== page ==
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Full-Text Articles in Jurisprudence

The Inescapable Federalism Of The Ninth Amendment, Kurt T. Lash Feb 2007

The Inescapable Federalism Of The Ninth Amendment, Kurt T. Lash

ExpressO

For the past several decades, the majority of courts and commentators have viewed the Ninth Amendment as a provision justifying judicial enforcement of unenumerated individual rights against state and federal abridgment. The most influential advocate of this libertarian reading of the Ninth has been Professor Randy Barnett who has argued in a number of articles and books that the Ninth was originally understood as guarding unenumerated natural rights. Recently uncovered historical evidence, however, suggests that those who framed and ratified the Ninth Amendment understood the Clause as a guardian of the retained right to local self-government. Recognizing the challenge this ...


A Textual-Historical Theory Of The Ninth Amendment, Kurt T. Lash Feb 2007

A Textual-Historical Theory Of The Ninth Amendment, Kurt T. Lash

ExpressO

Despite the lavish attention paid to the Ninth Amendment as supporting judicial enforcement of unenumerated rights, surprisingly little attention has been paid to the Amendment’s actual text. Doing so reveals a number of interpretive conundrums. For example, although often cited in support of broad readings of the Fourteenth Amendment, the text of the Ninth says nothing about how to interpret enumerated rights such as those contained in the Fourteenth. No matter how narrowly one construes the Fourteenth, the Ninth merely demands that such enumerated rights not be construed to deny or disparage other rights retained by the people. The ...


The Hidden Harm Of Law And Economics, Daniel I A Cohen Feb 2007

The Hidden Harm Of Law And Economics, Daniel I A Cohen

ExpressO

The paper deals with the adverse psychodynamic consequences to an individual and to society, immediately and in the long run, of dissolving individual responsibility for fault as in the doctrine of Law and economics.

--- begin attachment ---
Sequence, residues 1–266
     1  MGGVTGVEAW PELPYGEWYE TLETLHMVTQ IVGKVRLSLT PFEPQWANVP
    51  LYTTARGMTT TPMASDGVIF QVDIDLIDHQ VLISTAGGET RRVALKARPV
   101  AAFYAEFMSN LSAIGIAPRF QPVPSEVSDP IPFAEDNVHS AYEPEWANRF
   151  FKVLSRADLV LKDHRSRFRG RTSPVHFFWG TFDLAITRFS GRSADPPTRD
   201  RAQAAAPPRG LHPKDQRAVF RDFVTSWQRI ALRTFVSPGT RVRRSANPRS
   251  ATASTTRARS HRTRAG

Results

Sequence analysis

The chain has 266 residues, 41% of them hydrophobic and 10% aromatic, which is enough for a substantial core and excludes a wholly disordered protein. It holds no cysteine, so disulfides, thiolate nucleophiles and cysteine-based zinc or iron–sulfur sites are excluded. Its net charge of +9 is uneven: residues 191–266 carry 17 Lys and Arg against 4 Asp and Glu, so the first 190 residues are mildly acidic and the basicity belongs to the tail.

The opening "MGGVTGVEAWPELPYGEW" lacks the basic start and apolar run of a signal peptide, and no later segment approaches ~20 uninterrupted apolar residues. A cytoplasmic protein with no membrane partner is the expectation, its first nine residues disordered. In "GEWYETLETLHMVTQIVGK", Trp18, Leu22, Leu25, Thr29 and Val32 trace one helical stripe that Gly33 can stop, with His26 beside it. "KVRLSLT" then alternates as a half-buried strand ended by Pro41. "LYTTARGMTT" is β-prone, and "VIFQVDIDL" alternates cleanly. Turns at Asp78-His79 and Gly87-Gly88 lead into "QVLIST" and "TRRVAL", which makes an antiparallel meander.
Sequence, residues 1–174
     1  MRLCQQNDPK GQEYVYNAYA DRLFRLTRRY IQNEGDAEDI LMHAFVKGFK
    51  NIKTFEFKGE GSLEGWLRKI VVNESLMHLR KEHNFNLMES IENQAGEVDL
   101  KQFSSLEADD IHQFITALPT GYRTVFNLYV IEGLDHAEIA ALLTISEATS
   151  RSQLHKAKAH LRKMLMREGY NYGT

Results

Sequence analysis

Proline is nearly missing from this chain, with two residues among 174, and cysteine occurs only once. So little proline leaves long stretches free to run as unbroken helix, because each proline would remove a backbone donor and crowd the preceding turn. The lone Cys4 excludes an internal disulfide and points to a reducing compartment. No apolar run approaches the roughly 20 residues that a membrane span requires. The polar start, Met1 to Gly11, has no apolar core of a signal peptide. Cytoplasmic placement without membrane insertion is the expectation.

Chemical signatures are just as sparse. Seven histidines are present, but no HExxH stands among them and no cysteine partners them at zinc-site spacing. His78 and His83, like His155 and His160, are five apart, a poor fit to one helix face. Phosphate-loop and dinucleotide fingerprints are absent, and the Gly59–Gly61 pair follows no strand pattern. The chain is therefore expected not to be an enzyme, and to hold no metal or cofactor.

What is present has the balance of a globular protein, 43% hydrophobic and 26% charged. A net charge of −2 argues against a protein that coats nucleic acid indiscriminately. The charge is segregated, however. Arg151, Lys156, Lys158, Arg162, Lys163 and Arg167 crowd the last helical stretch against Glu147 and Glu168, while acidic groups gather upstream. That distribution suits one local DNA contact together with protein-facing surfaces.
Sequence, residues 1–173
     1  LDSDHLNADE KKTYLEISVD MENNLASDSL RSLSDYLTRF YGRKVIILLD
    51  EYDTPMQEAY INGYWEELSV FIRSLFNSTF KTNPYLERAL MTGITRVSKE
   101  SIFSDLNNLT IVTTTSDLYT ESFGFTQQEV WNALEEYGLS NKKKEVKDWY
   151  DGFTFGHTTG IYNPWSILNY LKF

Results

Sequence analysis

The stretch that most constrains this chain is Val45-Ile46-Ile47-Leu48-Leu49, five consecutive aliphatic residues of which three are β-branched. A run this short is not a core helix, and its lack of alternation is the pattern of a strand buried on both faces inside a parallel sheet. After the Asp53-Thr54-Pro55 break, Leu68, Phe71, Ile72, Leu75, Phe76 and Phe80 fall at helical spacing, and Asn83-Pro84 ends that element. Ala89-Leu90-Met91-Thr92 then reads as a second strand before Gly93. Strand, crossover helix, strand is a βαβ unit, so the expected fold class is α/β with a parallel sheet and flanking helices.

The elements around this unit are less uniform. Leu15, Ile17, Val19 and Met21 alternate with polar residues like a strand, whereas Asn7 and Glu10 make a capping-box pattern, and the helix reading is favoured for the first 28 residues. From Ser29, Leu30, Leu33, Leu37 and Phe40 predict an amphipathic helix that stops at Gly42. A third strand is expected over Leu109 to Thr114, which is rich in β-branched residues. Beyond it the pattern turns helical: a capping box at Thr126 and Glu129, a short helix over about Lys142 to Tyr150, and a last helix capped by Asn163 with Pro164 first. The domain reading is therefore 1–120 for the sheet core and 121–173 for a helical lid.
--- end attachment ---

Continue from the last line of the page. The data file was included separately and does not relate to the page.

At War With The Eclectics: Mapping Pragmatism In Contemporary Legal Analysis, Justin Desautels-Stein Feb 2007

At War With The Eclectics: Mapping Pragmatism In Contemporary Legal Analysis, Justin Desautels-Stein

ExpressO

This article has two primary goals. The first is descriptive, and seeks to respond to what appears to be an increasing degree of confusion over the word “pragmatism,” especially as it is used in a good deal of legal literature. This descriptive aim begins by separating out three general categories of pragmatism: (1) the so-called “everyday” pragmatism familiar to the American vernacular, (2) the classical philosophy of the early pragmatist authors like William James and John Dewey, and (3) pragmatism as understood in the context of law. The majority of the article is subsequently concerned with exploring this last category ...


Son Of Sam Resurrected: Did Greedy Criminals Unwittingly Give New Life To The “Son Of Sam” Laws?, Arthur M. Ortegon Jan 2007

Son Of Sam Resurrected: Did Greedy Criminals Unwittingly Give New Life To The “Son Of Sam” Laws?, Arthur M. Ortegon

ExpressO

No abstract provided.


A Complete Property Right Amendment, John H. Ryskamp Oct 2006

A Complete Property Right Amendment, John H. Ryskamp

ExpressO

The trend of the eminent domain reform and "Kelo plus" initiatives is toward a comprehensive Constitutional property right incorporating the elements of level of review, nature of government action, and extent of compensation. This article contains a draft amendment which reflects these concerns.


Parents Involved & Meredith: A Prediction Regarding The (Un)Constitutionality Of Race-Conscious Student Assignment Plans, Eboni S. Nelson Sep 2006